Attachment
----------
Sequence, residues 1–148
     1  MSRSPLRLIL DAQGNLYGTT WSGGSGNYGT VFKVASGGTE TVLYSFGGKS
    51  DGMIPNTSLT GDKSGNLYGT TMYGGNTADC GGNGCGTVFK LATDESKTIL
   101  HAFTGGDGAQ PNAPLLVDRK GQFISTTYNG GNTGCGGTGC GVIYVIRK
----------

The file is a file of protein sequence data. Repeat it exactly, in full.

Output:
Sequence, residues 1–148
     1  MSRSPLRLIL DAQGNLYGTT WSGGSGNYGT VFKVASGGTE TVLYSFGGKS
    51  DGMIPNTSLT GDKSGNLYGT TMYGGNTADC GGNGCGTVFK LATDESKTIL
   101  HAFTGGDGAQ PNAPLLVDRK GQFISTTYNG GNTGCGGTGC GVIYVIRK